Biblioklept: So do you find it hard to judge or evaluate your own work?
DM: Not at the time I’m doing it. I throw away plenty. But with the benefit of, say, a year or five or ten, things I thought weren’t bad turn out to look awful and occasionally, vice versa. As a rule though, I think once I’ve decided to let something out into the world it’s no longer my job to evaluate it. If I thought enough of it not to burn or paint over it it has to try to survive on its own steam.
Biblioklept: What are you working on right now?
DM: Well, I finished a second book of illustrated cab stories. It’s called WHERE TO? More Stories from a Hack and covers from when I first drove in Boston in 1993 until the summer of 2012 when I gave my last cab ride. It goes deeper into the inner workings of the cab industry, the people who take cabs, attempts to answer why I decided to drive a cab in the first place. I’m still looking for a publisher for it.
I’ve been writing and illustrating occasional baseball-related pieces for Chicago Side’ssports section, working on illustrations for various other projects, and finishing up my first book review for the Chicago Tribune’s literary supplement, Printers Row, on a recently-reissued forgotten novel called Diversey. Also I have two art shows coming up in January and another in February. On January 11th, “Dmitry Samarov: Bookshelf Paintings” opens at the Harold Washington Library in downtown Chicago. On January 23rd, “Pictures from a Chicago Cab” opens at the University of Central Missouri.
All that and doing my best not to have to go back to a day-job. I haven’t driven a cab in about five-and-a-half months and have really gotten to love not having to leave the house much.
Biblioklept: Have you ever stolen a book?
DM: I used to steal ‘em all the time. I had a good scam going when I was school changing price-tags on expensive art books, getting $100 ones for $20 and such. I used to steal a lot of things. I wrote a whole thing about it for The Handshake.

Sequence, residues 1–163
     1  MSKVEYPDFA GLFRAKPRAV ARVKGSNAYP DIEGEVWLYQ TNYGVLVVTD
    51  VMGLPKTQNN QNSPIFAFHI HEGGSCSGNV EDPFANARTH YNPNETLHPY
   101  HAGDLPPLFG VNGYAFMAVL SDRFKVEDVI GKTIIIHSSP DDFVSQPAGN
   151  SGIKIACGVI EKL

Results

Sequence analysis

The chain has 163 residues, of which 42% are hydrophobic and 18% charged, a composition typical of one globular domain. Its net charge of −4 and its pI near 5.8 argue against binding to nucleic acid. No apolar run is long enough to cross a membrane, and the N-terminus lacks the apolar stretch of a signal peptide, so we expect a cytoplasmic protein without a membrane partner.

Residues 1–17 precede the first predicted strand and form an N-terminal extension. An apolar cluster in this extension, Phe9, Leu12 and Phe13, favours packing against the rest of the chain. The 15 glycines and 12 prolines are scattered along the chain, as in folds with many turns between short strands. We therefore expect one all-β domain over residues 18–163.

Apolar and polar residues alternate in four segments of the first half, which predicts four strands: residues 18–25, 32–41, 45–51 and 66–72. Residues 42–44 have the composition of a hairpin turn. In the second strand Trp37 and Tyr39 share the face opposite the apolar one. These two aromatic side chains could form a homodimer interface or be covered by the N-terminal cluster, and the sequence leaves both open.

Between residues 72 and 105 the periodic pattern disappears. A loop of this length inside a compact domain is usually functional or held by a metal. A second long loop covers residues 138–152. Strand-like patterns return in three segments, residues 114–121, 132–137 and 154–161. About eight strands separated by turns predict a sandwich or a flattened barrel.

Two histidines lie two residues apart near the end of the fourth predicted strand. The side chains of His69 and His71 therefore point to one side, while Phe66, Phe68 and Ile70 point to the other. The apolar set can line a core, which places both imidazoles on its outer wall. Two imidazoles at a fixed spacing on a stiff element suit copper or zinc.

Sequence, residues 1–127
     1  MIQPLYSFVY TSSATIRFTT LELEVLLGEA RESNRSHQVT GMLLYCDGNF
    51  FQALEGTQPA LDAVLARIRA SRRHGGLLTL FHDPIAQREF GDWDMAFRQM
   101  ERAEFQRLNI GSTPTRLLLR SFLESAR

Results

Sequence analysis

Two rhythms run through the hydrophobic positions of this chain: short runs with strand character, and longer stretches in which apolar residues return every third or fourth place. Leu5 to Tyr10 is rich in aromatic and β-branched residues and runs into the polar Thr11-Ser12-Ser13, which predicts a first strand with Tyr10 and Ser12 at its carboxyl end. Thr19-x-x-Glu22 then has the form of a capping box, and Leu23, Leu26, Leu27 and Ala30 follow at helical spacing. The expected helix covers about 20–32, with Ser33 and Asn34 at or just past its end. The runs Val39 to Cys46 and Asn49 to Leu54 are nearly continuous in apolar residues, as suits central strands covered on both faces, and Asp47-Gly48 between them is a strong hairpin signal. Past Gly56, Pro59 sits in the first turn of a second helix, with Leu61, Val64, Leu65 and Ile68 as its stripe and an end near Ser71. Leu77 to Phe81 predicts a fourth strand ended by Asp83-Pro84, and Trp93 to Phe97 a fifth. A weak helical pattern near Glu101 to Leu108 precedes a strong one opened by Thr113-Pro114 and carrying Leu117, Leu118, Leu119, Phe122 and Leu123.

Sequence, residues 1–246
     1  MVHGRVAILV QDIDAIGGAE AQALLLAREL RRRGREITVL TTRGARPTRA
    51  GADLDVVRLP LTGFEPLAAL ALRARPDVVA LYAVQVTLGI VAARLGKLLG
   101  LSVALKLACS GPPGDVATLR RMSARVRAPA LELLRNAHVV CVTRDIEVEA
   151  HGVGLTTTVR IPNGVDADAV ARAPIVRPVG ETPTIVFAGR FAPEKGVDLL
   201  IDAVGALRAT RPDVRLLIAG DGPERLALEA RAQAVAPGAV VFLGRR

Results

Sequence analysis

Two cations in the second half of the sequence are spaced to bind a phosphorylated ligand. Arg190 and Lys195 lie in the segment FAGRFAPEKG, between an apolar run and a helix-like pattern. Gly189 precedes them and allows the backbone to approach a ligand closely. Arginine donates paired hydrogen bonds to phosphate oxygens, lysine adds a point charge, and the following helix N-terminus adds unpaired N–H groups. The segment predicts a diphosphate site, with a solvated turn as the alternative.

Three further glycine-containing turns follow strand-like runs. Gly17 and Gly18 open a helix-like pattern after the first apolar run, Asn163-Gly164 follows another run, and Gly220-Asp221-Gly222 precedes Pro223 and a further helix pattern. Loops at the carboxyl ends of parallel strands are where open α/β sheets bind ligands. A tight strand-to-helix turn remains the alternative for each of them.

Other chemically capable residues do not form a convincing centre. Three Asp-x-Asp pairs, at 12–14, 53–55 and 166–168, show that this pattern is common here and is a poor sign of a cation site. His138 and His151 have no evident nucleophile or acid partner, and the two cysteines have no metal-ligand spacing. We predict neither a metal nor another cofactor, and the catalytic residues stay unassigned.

Biblioklept: Can you talk about a particular book you remember stealing?
DM: I stole this beautiful Giacometti book from Powell’s sometime in the early-90s and wound up having to sell it at Myopic Books in the late-90s for much less than it was worth when I was broke and between jobs. I’ve sold off tons of great books and records over the years. I’m neither the most careful collector nor blessed with much foresight as to what might or might not be valuable in the future.
On October 4th of this year, right in the midst of Franzen-mania (and Franzenfreude), two ballsy Londoners jacked Jonathan Franzen’s signature spectacles during a Hyde Park bookstore launch party for Freedom. They left a ransom note asking for $100,000, but were eventually caught, and the glasses were returned. Now, if only someone could do him a favor and steal his silly leather jacket because, jeez, c’mon.
Biblioklept, a modern euphemism which softens the ugly word book-thief by shrouding it in the mystery of the Greek language. So the French say, not voleur, but chipeiir de livres. The true bibliomaniac cannot help feeling a tenderness for his pet fad, even when carried to regrettable excesses. Perhaps he has often felt his own fingers tingle in view of a rare de Grolier, a unique Elzevir, he knows the strength of the temptation, he estimates rightly his own weakness; perhaps, if he carries self-analysis to the unflattering point which it rarely reaches, save in the sincerest and finest spirits, he recognizes that his power of resistance is supplied not by virtue, but by fear,—fear of ilie police and of Mrs. Grundy. In his inner soul he admires the daring which risks all for the sake of a great passion. When a famous book-collector was exhibiting his treasures to the Duke of Sussex, Queen Victoria’s uncle, he apologized to his royal highness for having to unlock each case. ‘• Oh, quite right, quite right,” was the reassuring reply: “to tell the truth, I’m a terrible thief.” There are not many of us who are so honest. Nevertheless, the epidemic form which bibliokleptomania has assumed is recognized in the motto which school-boys affix to their books, warning honest friends not to steal them. ” Honest may, of course, be a fine bit of sarcasm. But one prefers to look upon it as indicating a subtle juvenile prescience that the most honest and the most friendly will steal books, as the most honest will cheat their dearest friends in a matter of horseflesh.
I must have been in the 1oth or 11th grade when I borrowed three Charles Bukowski novels from M***ael J***ings. These were:
Women, easily my favorite and Bukowski’s best. I didn’t return this one.